Category Archives: Geekdad

clearing the plate so we may fill it

Brad makes an excellent point:

There is an incredible amount of value in a clean slate and an empty inbox every day. Instead of burning up hours on an endless stream of interesting (but ultimately useless) content, I am faced with a blank page and a free block of time to write, code, design, create and explore on a much more frequent basis.

I suffer from a plague of options. It used to be sufficient just to weed out the ones I wasn’t capable of pursuing. Then I filtered out those I found uninteresting. Now it’s gotten to the point where I have to choose between Awesome Opportunity A and Amazing Situation B, and it’s hard work.

For instance, I stopped being a GeekDad last month. I hadn’t been writing much for them anyway, but declaring it over meant that I could unsubscribe from mailing lists, close my “story ideas” file, clear the Moo Cards out of my wallet, and generally stop worrying so much about missing (self-imposed) deadlines. I was a little sad to lose the opportunity, but I was overjoyed at this new clear space in my life. My inbox actually reached zero!

I’ve also decided not to worry so much about the kinds of opportunities I’m offered. When I have a dozen choices for college, any one of which will give me the opportunity to learn what I need, it doesn’t matter so much if one of them doesn’t turn out. (Mind you, MIT would have been impressive. It’s just that wherever I end up will be just as useful.)

Instead, I’m creating more. Note that I didn’t say starting more projects, because that way lies madness. The focus now is working, not starting. Completion, not ideas. If you know me at all, you know how difficult that can be.

The Anti-GeekDad, Circa 1914


[from my GeekDad post]

Lest we take the modern GeekDad for granted, I submit for your attention this comic strip from 95 years ago regarding the exploits of a ‘lectric-obsessed child and his less-than-supportive father. (Click through for the rest of the comic.)

This was before the first personal computer, before the Nerds took their Revenge, before Superman first flew. There was no Bill Gates to emulate, no William Yuan to envy, no Starfleet Academy to aspire to. Words like internet, blog, and cosplay had yet to be coined, and there were no words spoken in Klingon, Elvish, or Huttese at all. There was no Xbox. There was no Wii.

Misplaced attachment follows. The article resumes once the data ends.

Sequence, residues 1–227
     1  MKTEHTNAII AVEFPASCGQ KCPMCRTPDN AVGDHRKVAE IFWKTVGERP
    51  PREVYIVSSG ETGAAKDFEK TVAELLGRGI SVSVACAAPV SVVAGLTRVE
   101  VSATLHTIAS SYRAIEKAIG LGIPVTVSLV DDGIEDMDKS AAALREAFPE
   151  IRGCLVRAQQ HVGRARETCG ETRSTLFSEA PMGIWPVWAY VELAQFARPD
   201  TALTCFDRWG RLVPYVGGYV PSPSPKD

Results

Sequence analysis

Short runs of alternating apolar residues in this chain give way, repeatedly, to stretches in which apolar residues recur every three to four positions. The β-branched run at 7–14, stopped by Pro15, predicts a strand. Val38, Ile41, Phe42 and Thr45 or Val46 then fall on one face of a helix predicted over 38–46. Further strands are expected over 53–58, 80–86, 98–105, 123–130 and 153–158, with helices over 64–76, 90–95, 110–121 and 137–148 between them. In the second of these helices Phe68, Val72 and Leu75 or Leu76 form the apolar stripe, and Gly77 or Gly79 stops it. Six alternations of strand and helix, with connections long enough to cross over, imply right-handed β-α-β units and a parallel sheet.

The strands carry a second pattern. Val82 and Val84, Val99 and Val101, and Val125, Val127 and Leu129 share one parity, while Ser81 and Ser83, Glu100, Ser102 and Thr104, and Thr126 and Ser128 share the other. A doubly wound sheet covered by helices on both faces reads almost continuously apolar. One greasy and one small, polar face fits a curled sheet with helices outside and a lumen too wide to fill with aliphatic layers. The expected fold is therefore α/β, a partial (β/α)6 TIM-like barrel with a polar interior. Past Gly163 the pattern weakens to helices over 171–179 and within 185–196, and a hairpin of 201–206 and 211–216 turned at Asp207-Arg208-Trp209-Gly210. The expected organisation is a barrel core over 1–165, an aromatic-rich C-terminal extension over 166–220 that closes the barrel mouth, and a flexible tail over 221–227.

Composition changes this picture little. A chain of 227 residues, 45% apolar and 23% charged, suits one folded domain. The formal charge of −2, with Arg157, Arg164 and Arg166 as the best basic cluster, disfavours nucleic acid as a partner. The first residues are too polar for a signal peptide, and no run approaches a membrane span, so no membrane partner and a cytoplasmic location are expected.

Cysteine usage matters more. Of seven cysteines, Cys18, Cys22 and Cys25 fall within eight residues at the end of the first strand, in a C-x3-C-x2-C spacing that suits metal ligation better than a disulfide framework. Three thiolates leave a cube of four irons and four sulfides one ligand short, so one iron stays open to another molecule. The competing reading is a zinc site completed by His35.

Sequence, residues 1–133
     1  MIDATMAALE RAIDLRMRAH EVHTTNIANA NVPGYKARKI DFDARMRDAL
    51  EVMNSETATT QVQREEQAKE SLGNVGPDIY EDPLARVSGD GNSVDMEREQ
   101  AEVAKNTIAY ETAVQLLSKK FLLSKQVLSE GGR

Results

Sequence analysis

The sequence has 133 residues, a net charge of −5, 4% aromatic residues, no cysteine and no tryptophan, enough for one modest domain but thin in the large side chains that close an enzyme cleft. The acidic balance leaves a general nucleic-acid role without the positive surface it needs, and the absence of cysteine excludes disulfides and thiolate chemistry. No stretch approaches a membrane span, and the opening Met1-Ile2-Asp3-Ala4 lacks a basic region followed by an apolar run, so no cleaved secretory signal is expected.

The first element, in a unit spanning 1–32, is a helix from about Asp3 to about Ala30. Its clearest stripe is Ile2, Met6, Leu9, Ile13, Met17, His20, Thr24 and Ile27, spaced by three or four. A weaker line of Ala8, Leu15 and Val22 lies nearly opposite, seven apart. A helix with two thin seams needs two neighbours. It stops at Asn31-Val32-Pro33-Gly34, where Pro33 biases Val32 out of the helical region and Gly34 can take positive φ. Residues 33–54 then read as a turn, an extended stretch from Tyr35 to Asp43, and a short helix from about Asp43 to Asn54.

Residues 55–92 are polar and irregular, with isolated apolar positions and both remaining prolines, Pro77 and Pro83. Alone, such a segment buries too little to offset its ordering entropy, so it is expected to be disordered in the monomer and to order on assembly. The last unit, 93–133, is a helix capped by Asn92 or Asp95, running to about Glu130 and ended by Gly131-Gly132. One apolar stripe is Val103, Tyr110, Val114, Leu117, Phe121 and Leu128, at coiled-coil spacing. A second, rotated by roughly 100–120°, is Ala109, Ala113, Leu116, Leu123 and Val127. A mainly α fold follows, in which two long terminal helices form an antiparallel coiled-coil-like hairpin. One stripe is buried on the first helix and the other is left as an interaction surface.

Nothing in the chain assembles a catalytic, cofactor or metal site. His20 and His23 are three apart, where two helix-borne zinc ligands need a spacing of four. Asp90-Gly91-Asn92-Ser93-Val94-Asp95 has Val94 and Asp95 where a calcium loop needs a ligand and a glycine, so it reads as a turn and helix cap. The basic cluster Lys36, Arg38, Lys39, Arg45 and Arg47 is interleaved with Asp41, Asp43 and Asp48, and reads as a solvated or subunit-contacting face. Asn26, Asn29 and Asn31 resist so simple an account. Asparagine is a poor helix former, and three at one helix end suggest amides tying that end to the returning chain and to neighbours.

So in this context, perhaps we shouldn’t be too hard on young Henery’s father. The white-fringed, mustachioed man doesn’t realize he’s trying to hold back the tsunami of geek inevitability with a wooden paddle. He might have lived to see his son’s “fool inventions” land ships on the Moon and recanted, apologizing for putting a pack of cigars and a good night’s before his son’s passion for creating.

Even if he didn’t, he can serve as an example to us, and we can feel good to be GeekDads.

(image from Modern Mechanix, a source of much old-timey awesomeness)

Enigma: Crypto-Cryptography For Kids

[from my GeekDad post]

No, that’s not a typo. Graeme Base’s newest book Enigma can teach kids about cryptography, but it deserves an extra “crypto” for the clever way the subject is hidden in a story about magic, friendship, and family. Bertie Badger visits his grandfather, the retired magician Gadzooks the Great, and learns that he and the other residents have all lost their magical items. Bertie offers to search for them, meeting each of the quirky ex-tricksters in turn. The search itself is fruitless, even after the perpetrator (Grandfather’s rabbit Enigma) is found, but Bertie saves the day by showing where true magic comes from.

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Mr. Lee, the Three-Eyed Cat

[from my GeekDad post]

OK, so he’s not a mutant, but he’s no ordinary cat. Mr. Lee has been outfitted with his very own CatCam, designed and built by his owner, J. Perthold, from a keychain digital camera and some custom circuitry. The CatCam provides a peek into the daily adventures of Mr. Lee as he prowls the neighborhood.

The success of the original Mr. Lee CatCam has spawned more feline tech accessories, like the CatTrack GPS tracker and the forthcoming CatCam Live, a CatCam with integrated antenna for broadcasting live TV feeds. Each has detailed (but accessible) technical specifications and build notes; it’s obvious that Perthold is a real enthusiast.

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Mentos + Diet Coke + Zero G = Best. Experiment. Ever.

[from my GeekDad post]

Robert Woodhead, self-described Mad Overlord and all-around geek, has posted an amazing amount of detail from his recent experiment in seeing how the Diet Coke & Mentos reaction works in microgravity. It’s a modification of the now-standard geyser-producing demonstration, but with a twist: performing the trick on a Zero G flight and recording it on a high-speed camera. The Youtube video is great, but the expanded description is even better.

Continue reading “Mentos + Diet Coke + Zero G = Best. Experiment. Ever.”